Another challenge with POC devices is the connectivity of the instruments themselves, and how the lab can control the quality of the information it receives from instruments. If a laboratory is to use POC device-generated data it must have control over the quality of the device. An option is to use third-party software (such as Bio-Rad) which gives labs an indication of the device’s performance in relation to other identical devices. LISs must be able to interface with such software for this to be effective. More sophisticated LISs will offer inbuilt quality control (QC), such as being able to assess a moving average. As the integration of POC devices to LIS becomes more established, both these options will have to be integrated as standard.

Centralized data management for a holistic view

The limited time medical decision makers have in making a diagnosis, sometimes leads to missed or inaccurate diagnoses. Indeed, diagnostic errors affect approximately 12 million U.S. adult patients each year resulting in patient harm, as well as lawsuits. Diagnostic errors may stem from misinterpretation of clinical studies, narrow diagnostic focus, inadequate or inappropriate testing, failure to adequately assess a patient’s condition and overreliance on a previous diagnosis. incorporating diagnostic decision tools into a LIS, such as those that analyze a patient’s medical history, current symptoms, and compute a list of likely diagnoses based on previous cases, has shown to aid diagnosis by expanding the number of possibilities a physician will consider. In order to do this, a LIS must be capable of presenting the decision maker with all relevant information simultaneously. LIS systems that comprise of separate components for different disciplines will let labs down, in that even with complicated middleware to pull data from different sources, it will be difficult for physicians to understand the full picture in a snapshot. A united LIS built off one database, and with centralized data storage and unified reporting gives physicians a leg up in their demanding diagnostic decisions.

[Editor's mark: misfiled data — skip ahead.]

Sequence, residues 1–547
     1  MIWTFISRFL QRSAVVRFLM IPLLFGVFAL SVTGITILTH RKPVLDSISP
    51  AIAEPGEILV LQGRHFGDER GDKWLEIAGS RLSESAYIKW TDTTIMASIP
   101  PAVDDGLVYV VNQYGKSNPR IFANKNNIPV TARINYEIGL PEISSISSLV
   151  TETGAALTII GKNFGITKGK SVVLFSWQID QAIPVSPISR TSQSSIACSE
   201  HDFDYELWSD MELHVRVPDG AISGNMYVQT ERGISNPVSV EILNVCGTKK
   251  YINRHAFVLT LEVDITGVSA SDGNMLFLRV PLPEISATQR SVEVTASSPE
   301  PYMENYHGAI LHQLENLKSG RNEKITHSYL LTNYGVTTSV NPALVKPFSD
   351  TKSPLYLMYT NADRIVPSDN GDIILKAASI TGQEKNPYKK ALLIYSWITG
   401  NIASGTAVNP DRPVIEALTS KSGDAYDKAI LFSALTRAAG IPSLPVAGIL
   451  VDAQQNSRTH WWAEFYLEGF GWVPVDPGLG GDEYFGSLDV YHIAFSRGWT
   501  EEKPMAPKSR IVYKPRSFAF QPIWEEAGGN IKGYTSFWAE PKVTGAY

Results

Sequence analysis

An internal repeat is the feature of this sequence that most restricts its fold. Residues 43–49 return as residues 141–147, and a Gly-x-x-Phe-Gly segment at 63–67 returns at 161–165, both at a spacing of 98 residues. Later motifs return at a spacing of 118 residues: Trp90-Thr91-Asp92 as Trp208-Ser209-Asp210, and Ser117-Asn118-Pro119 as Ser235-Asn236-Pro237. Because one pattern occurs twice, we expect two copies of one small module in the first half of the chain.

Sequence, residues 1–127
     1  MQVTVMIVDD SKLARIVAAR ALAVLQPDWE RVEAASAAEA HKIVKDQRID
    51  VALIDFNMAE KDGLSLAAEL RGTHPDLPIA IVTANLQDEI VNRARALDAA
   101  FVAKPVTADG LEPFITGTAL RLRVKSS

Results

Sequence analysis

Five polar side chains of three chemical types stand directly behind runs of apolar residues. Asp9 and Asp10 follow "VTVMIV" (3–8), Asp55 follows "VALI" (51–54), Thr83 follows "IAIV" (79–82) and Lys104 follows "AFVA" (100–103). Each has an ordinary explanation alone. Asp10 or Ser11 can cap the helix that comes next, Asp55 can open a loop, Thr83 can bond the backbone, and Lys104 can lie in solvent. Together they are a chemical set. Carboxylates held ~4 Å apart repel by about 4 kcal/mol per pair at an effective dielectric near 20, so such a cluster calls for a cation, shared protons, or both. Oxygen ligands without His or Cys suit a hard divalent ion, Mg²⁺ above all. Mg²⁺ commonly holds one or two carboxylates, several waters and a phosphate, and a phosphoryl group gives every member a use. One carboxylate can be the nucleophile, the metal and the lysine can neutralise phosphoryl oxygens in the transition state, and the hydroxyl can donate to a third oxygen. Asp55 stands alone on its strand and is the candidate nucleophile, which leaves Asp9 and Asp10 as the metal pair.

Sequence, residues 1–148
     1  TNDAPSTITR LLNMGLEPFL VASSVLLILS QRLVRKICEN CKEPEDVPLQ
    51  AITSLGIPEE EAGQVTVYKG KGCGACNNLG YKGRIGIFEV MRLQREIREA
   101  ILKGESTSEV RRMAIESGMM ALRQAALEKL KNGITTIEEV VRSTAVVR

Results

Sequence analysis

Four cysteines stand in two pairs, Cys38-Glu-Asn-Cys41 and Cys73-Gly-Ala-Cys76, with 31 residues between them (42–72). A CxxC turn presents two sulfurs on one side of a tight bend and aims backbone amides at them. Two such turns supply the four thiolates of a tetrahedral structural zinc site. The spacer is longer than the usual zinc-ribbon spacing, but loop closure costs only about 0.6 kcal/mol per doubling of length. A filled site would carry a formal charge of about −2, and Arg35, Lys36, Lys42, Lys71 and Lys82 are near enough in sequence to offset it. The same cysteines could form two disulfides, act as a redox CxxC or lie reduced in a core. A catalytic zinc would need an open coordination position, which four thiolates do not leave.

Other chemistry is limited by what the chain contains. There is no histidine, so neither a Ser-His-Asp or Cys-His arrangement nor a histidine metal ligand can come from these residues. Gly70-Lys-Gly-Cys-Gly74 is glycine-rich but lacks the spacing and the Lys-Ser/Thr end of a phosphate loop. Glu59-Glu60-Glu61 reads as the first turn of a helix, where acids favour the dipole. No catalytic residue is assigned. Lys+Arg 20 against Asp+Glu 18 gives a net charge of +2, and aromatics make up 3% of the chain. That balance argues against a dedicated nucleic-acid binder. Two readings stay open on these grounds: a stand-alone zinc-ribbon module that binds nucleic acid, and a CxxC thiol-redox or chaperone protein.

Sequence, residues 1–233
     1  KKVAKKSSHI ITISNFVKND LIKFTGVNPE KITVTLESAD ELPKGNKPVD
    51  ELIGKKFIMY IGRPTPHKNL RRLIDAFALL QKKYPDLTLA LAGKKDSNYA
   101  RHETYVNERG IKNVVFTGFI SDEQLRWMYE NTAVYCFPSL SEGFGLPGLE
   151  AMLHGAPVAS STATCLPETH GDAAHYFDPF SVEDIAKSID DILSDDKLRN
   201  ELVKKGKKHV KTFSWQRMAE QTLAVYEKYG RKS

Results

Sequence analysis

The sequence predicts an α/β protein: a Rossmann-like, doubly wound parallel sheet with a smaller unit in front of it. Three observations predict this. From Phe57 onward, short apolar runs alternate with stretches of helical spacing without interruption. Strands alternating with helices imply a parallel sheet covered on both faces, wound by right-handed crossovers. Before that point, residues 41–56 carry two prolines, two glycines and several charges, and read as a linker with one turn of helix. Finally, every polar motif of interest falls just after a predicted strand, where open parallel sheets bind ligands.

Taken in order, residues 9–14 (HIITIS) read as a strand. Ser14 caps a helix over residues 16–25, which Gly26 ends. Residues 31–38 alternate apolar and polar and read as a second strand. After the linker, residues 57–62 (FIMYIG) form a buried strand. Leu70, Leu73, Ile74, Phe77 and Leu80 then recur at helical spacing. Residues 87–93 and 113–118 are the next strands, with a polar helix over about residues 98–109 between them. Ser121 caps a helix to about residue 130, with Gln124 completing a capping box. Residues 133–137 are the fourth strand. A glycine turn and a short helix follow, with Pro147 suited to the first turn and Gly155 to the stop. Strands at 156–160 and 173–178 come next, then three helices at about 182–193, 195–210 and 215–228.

Mobile health (mHealth) initiatives

Mobile devices play an important role in the creation and transfer of data. Mobile outreach programs, that are an intrinsic extension of a LIS allow patients and physicians to make use of tablets, smartphones and other mobile devices to view and record information anytime and anywhere. As a form of POC device, again a LIS must be able to store and manage the data it receives from mobile devices. Mobile health is encouraging more direct and instant communication between patient and doctor, and a more patient-centric approach. Mobile outreach programs also enable laboratories and phlebotomists to track samples en route, or between sites, and to changes orders, or create add-ons, for better patient care.

Compliance

Laboratories must be especially mindful of how they implement data-informed decision making. Regulations like HIPAA and HITRUST compliance require data to be kept secure, private and anonymized for those who don’t require access to patient data. To comply with these, and other regulatory requirements concerning data security, such as a complete audit trail, batch records, signatures, permission management, etc., laboratories should employ a LIS with built-in data management tools, effectively delivering compliance out of the box.

Originally written by Netlims for InsightsSuccess